I’m sure that’s true.

    “There was nothing nefarious about it.”

    Bull. This is just further proof that the lobbyists are in control and that the meatbags in Congress are just mouthpieces.

  26. Ben Popken says:

    @QuantumRiff: Swiss.

  27. pecan 3.14159265 says:

    @subtlefrog: I think the issue is that most constituants (regardless of political party or where they’re from) don’t even have a working knowledge of the biotech industry. I certainly don’t, and it would be ludicrous for my congressperson to take a cue from my opinion if it were not carefully researched. Most people wouldn’t even try.

  28. TouchMyMonkey says:

    @subtlefrog: Most people don’t watch C-Span. If they did, they’d be put to sleep most of the time. This so-called “debate” on the House floor was a charade, as it usually is. No one’s mind was changed by anything anyone said, and the whole exercise was just a big waste of time. If I ran the Rules Committee, I’d dispense with the whole dog-and-pony show altogether, instruct members to submit their remarks in writing for inclusion into the Congressional Record, and go straight to the vote.

    There is no need for wasting hours and hours on this silly nonsense. It’s just grandstanding, and I suspect the goings-on in Congress had a whole different character before they turned on the television cameras. You certainly wouldn’t have family members turning on the water works at Senate confirmation hearings, or congressmen bringing babies in to use as props, or any of the other circus acts that have us wondering whether we’ve just elected a bunch of retards to run our government.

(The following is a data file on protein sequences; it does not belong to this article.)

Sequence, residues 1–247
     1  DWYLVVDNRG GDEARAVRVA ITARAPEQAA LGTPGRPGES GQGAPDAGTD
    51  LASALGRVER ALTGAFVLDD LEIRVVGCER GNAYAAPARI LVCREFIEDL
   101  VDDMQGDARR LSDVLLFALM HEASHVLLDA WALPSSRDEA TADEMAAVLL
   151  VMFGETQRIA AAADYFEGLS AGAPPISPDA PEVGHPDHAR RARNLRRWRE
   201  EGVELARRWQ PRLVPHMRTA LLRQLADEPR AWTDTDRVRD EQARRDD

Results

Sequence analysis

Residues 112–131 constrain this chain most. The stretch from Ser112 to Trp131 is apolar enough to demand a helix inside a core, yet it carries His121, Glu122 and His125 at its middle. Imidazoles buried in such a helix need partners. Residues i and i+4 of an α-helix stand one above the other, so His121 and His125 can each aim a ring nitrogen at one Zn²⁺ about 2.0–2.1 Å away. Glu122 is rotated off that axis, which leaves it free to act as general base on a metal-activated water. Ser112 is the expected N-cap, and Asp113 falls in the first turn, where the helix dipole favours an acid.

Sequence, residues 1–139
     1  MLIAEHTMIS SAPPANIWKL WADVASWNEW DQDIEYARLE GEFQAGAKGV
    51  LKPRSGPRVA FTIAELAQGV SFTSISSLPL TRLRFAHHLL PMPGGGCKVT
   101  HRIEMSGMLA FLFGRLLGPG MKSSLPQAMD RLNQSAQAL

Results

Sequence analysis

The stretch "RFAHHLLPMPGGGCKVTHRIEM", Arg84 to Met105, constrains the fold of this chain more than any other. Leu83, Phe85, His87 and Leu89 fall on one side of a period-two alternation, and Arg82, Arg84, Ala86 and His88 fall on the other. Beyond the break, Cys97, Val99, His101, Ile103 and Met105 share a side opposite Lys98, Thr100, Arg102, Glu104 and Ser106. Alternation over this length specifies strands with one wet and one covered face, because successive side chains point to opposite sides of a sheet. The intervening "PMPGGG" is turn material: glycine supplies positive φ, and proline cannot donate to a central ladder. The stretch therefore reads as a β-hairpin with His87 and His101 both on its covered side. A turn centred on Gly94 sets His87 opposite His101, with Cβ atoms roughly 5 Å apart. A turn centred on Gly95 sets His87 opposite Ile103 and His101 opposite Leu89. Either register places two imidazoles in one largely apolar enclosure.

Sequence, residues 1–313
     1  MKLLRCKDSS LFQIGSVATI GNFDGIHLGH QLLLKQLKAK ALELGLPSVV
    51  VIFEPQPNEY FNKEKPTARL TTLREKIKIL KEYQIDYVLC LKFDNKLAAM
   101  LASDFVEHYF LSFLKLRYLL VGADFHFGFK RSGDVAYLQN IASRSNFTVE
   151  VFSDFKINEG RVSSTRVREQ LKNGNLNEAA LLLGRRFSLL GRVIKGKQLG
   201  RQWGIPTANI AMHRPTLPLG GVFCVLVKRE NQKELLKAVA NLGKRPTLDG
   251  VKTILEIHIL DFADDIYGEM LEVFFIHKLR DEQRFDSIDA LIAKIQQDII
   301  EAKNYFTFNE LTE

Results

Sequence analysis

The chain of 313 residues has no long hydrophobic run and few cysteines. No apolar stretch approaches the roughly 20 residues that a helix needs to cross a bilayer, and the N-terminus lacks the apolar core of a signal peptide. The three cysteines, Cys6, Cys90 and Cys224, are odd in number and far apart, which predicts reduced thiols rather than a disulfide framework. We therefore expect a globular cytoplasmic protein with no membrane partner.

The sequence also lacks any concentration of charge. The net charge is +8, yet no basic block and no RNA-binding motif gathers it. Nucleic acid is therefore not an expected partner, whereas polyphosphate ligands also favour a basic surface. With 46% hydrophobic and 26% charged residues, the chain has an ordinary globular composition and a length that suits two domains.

If you want to know what any given congressman thinks about HCR or anything else, all you have to do is visit that congressman’s website, or read his or her correspondence (you do get mailings from time to time, right?), or pick up a newspaper, or turn on the local TV news (not the “news” channel on cable, but the real local news broadcast). It is unfortunate, and certainly unintended, but one learns nothing at all from watching C-Span other than that members of Congress like to be on TV, and many of them are pretty horrible stand-up comedians.

  29. YouDidWhatNow? says:

    @subtlefrog:

    One more example of why lobbying should be illegal, period.

  30. MostlyHarmless says:

    @HurtsSoGood: Rubbish. Watching C-Span is like THE.BEST.DRINKING.GAME.EVER. (Second only to concession speeches, and – if your only interest is in getting hammered – or to NOT drink at all – Sarah Palin ramblings.)

    I can give you the rules if you are interested.

  31. ExtraCelestial says:

    @HurtsSoGood: I say keep the charade if only for the Daily Show material it provides.

  32. JennQPublic says:

    @HurtsSoGood: “…or any of the other circus acts that have us wondering whether we’ve just elected a bunch of retards to run our government.”

    Umm… You’re still wondering?

  33. kaceetheconsumer says:

    @Eyebrows McGee (now with more baby!): @pecan 3.14159265: It was actually said to me in my ceramics class after I refused to ghostwrite an essay for another student and gave a brief rant on ethics vs cheating. So my husband didn’t hear it directly, but having sent more than one plagiarist to the dean (like the ones who forget to take the blue hyperlinks out of their stolen text, duh), he wasn’t that surprised when I reported it back to him.

    @PsiCop: I wish. The really sad thing was that the student who said this wasn’t stupid and probably could have done well if he’d put in some effort.